Wednesday, May 13, 2009

TTABlog Challenge: Test Your TTAB Judgeability

Here's another chance to evaluate your potential as a TTAB judge. Let's see if that legal sheepskin on your wall was worth the cost of framing it. We have another Section 2(d) likelihood of confusion case for consideration. The Opposer alleges ownership and prior use of the mark LAMB'S for rum and has submitted registrations for the mark LAMB'S NAVY RUM and for the two design or stylized marks shown below. The Applicants seeks to register LAM for rum. You already know how this comes out, don't you? Ok, how many pages will it take you to run through the du Pont factors and reach your conclusion? I doubt you were as efficient as the Board in Corby Distilleries Limited v. Augusto Ramon Lopez, Eva Maria Lopez and Maximo Ignacio Lopez, Opposition No. 91180144 (April 30, 2009) [not precedential].

In a mere eight pages (quite short for a 2(d) ruling), the Board not surprisingly sustained this opposition. The only real issue was the similarity of the marks, and on that point the Board reasoned as follows:

The terms LAMB’S and LAM are phonetically similar. They are also visually similar because they both begin with the letters L-A-M. There is little, if any, trademark significance in the apostrophe letter "s" in opposer's mark. See Winn's Stores, Incorporated v. Hi-Lo, Inc., 203 USPQ 140 (TTAB 1979) ("little if any trademark significance can be attributed to the apostrophe and the letter 's' in opposer’s mark" WINN'S when compared to applicant's mark WIN-WAY). See also Calvin Klein Industries Inc. v. Calvins Pharmaceuticals Inc., 8 USPQ2d 1269, 1271 (TTAB 1988) (the addition of the letter "s" at the end of applicant's mark CALVINS does little distinguish it from opposer's mark CALVIN); In re Curtice-Burns, Inc., 231 USPQ 990, 992 (TTAB 1986) (McKENZIE’S and McKENZIE are nearly identical). When used in connection with rum, LAMB'S (or LAMB) and LAM are equally arbitrary, and thus they engender the same commercial impression. Accordingly, we find that the marks are similar in appearance, sound, meaning and commercial impression.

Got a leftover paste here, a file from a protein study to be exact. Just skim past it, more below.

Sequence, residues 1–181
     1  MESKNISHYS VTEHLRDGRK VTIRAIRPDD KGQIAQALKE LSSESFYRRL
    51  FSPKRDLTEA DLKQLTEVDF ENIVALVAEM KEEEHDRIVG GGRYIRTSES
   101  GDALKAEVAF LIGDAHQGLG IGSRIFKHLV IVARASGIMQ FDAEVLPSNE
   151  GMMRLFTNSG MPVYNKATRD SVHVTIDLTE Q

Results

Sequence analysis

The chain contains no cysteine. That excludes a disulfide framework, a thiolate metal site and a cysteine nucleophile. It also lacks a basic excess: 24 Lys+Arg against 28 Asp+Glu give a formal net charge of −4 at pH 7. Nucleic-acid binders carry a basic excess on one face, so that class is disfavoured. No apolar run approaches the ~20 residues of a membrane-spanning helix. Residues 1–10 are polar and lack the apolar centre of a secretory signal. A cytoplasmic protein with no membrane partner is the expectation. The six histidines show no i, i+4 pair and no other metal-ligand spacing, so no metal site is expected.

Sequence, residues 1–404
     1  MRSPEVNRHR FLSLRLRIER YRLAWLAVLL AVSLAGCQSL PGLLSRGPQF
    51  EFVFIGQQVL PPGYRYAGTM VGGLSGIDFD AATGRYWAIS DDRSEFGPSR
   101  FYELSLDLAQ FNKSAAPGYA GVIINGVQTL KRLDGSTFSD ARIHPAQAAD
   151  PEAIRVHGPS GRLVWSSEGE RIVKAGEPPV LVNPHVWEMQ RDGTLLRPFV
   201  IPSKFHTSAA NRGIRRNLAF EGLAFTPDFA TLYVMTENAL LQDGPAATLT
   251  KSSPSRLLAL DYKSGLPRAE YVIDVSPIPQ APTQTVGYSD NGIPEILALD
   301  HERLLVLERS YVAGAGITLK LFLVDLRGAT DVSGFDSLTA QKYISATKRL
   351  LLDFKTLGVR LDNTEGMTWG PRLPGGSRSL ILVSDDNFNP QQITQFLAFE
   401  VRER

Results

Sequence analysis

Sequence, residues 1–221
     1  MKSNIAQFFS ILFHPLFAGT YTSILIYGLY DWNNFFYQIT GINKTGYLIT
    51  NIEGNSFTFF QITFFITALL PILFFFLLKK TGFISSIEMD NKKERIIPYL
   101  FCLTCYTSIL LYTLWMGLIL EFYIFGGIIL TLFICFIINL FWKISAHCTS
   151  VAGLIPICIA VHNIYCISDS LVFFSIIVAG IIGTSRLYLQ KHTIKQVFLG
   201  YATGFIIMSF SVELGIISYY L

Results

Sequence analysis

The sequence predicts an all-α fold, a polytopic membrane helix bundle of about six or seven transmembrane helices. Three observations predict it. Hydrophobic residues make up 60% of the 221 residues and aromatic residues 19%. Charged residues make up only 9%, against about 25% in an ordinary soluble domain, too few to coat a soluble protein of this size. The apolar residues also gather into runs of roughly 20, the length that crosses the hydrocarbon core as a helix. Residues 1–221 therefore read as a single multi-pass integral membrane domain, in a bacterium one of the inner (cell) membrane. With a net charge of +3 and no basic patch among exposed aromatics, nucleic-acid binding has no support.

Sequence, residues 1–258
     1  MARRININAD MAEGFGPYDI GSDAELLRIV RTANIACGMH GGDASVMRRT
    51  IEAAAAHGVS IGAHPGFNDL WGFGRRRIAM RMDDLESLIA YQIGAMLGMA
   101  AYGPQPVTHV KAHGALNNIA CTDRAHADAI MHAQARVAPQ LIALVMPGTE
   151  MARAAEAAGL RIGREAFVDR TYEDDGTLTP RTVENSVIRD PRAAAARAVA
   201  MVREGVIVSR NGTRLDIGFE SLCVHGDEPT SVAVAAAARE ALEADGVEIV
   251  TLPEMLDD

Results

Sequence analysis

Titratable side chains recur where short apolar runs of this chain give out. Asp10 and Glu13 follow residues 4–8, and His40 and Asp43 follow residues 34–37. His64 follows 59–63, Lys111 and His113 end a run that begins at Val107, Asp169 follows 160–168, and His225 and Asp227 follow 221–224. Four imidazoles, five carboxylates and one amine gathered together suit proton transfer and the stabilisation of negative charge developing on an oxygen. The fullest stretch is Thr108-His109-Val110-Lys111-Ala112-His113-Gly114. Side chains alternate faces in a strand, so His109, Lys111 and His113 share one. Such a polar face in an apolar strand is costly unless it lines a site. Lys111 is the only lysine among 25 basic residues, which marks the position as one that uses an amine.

Balancing the du Pont factors , the Board found confusion likely between Applicants' mark LAM and the registered marks LAMB'S (Stylized) and LAMB'S NAVY RUM, and so it sustained the opposition.

TTABlog comment: How, pray tell, did the LAM application get by the Examining Attorney?

TTABlog nitpick: Opposer claimed common law rights in the word mark LAMB'S, and the Board compared Applicant's mark with that word mark LAMB'S, not with LAMB'S in Stylized form or with LAMB'S NAVY RUM. Not that it made much difference. But in its ultimate finding of likely confusion, the Board pointed only to those two registered marks and did not say that the word marks LAMB'S and LAM are confusingly similar. Now that surely didn't make any difference in the outcome, but the package could have been more neatly wrapped, don't you think?

TTABlog BTW: What is "navy rum," you might ask? According to CocktailDB, the Internet Cocktail Data Base, it is: "Generic for a type of London dock rum; Jamaican rum aged either on sailing ships or in warehouses along the banks of the Thames River in London, England. Several brands, notably Lamb's Navy Rum. Often bottled with a relatively high proof."

Text Copyright John L. Welch 2009.


At 8:30 PM, Anonymous Anonymous said...

Lam is a popular Vietnamese name that, when pronounced, rhymes with bomb.


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